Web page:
I, Daniel Blake on Blu-ray – The DVDfever Review

I, Daniel Blake

I, Daniel Blake features superb performances from Dave Johns and Hayley Squires, but nothing quite compared to another comedian, Gavin Webster, in the sawmill when he produced an impressive length of wood 😛

Seriously, though, after watching this, I recalled the moment, When on an ‘improve your CV’-type course, he’s told he should stand out from the crowd – and how he does!

And another moment that made me laugh.. is one I’ll have to put behind a spoiler header

Spoiler Inside SelectShow

There hasn’t been a single other film other than I, Daniel Blake, that I’ve been looking forward to more this year. After hearing so much about it, plus missing out on one of the free Cineworld screenings prior to its release, I approached the PR company to ask if, like some do for low-budget films – and something which I hope increases as streaming becomes more the norm for TV shows and movies, they had a press link available to review purposes, but until the ‘no’ came through, getting an answer out of them about this British film was as much a task as Daniel getting to the point where his ESA appeal was being heard. Hence, I felt like everyone else had already seen it before I did.

In addition, the film won the 2016 Cannes Film Festival Palme d’Or, and after both Dave Johns and Ken Loach went to this year’s Locarno International Film Festival, where the film was shown outside to an audience of over 800 people, and on a 1.85:1 ratio screen where the dimensions are as huge as the 1.85:1 area within the Manchester Printworks IMAX 1.44:1 screen, while following Dave’s promotional tour of the film on Facebook, I was hugely pleased to learn that they had to stay an extra night because… it won the award which is chosen by the audience – the Prix du public!

Even four months on after the cinema release, the film is even more relevant than ever and it’s had a clutch of awards and nominations including the British Independent Film Awards’ Best Actor for Dave Johns, the Most Promising Newcomer for Hayley Squires, the best British film at the BAFTAs 2017 and also a Best Actress nomination for Ms Squires.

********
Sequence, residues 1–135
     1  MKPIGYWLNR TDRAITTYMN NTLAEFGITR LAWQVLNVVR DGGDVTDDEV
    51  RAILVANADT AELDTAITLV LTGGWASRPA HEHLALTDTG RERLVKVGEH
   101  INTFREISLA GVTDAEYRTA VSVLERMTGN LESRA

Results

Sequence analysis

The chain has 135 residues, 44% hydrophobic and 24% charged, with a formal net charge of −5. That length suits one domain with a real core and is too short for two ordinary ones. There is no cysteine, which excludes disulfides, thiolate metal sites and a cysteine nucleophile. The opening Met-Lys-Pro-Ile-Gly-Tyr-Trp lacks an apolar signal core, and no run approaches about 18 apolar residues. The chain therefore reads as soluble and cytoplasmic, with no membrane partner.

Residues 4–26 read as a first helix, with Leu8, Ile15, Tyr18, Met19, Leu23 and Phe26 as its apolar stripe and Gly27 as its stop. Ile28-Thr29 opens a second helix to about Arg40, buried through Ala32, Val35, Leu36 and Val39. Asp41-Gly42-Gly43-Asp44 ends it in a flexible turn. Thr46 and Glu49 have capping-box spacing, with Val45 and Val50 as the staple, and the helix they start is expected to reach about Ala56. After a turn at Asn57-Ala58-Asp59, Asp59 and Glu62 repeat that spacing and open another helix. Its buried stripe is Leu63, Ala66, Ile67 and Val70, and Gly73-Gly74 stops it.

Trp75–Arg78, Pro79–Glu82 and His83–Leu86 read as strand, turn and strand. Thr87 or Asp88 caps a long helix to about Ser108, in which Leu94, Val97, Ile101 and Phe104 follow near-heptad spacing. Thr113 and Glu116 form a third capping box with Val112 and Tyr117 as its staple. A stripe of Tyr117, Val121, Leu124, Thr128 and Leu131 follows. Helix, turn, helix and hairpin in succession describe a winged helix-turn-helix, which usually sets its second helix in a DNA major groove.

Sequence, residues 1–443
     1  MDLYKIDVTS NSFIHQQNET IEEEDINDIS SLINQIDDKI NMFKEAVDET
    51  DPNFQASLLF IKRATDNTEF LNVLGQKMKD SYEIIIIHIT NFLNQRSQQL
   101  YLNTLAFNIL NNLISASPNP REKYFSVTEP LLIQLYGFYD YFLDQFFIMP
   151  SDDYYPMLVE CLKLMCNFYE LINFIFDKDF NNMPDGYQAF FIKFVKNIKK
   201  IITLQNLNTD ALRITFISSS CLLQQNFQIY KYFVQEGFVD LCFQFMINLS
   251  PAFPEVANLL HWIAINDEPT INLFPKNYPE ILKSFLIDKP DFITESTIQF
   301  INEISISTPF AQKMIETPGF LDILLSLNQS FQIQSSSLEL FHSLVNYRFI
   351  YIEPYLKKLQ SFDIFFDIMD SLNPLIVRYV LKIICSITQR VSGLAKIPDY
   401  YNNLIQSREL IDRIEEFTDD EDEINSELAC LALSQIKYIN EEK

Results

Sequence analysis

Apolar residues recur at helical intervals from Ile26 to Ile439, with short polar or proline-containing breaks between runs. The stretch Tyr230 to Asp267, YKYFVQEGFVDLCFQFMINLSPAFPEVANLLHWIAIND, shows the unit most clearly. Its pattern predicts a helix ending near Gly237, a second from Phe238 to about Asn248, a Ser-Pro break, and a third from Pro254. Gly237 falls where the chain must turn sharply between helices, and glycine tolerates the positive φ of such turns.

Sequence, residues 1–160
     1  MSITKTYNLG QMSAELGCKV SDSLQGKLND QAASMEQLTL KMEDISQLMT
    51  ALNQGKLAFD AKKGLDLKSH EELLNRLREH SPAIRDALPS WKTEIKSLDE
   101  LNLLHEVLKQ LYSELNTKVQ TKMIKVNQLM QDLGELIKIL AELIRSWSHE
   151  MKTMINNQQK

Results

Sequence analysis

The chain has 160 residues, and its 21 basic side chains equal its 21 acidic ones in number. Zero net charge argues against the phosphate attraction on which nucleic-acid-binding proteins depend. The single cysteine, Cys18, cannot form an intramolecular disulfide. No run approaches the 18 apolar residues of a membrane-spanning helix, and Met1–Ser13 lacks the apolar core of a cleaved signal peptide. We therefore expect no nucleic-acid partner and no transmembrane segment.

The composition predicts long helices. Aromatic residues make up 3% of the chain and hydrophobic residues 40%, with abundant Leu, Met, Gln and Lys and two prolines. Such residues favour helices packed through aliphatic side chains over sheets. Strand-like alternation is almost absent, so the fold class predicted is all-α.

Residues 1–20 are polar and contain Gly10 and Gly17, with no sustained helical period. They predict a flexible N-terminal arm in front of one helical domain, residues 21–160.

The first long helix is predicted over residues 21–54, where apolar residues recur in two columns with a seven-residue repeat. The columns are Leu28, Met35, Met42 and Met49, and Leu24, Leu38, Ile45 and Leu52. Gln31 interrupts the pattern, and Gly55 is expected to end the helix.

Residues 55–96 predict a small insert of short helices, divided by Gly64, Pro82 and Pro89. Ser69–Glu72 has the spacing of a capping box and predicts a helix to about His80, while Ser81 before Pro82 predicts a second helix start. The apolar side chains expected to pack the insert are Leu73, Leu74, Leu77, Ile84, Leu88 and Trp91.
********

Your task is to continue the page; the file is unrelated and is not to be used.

Watch video!

Dave Johns and Ken Loach interview – Locarno International Film Festival

The film is presented in the original 1.85:1 widescreen ratio and in 1080p high definition and, since it’s a new film and even though it was shot on 35mm for the realistic feel and bringing every element of that home to the viewer, the visuals are stunning and there are zero defects on this disc.

The audio is presented in DTS HD Master Audio 5.1 and there’s very little in the way of a score – mostly focusing on dialogue and letting the situations speak for themselves, which is deliberate, since this is a strong drama, not La La Land.

There aren’t a huge amount of extras, but what there is on this disc is certainly worth a watch:

  • How To Make a Ken Loach Film (38:05): A superb ‘making of’ mixing film clips and on-set footage, so expect some spoilers and DO NOT WATCH BEFORE YOU SEE THE FILM! (but DO watch once you have)

    There’s also cast from the two leads plus writer Paul Laverty and a number of other crew including producer Rebecca O’Brien and casting agent Kahleen Crawford, and it begins by using a lot of extras to shoot the queue for the foodbank, and telling them it would take three hours, with Ken Loach adding, “If we seem to be hanging around, doing nothing.. because inside, we’re panicking(!)” 🙂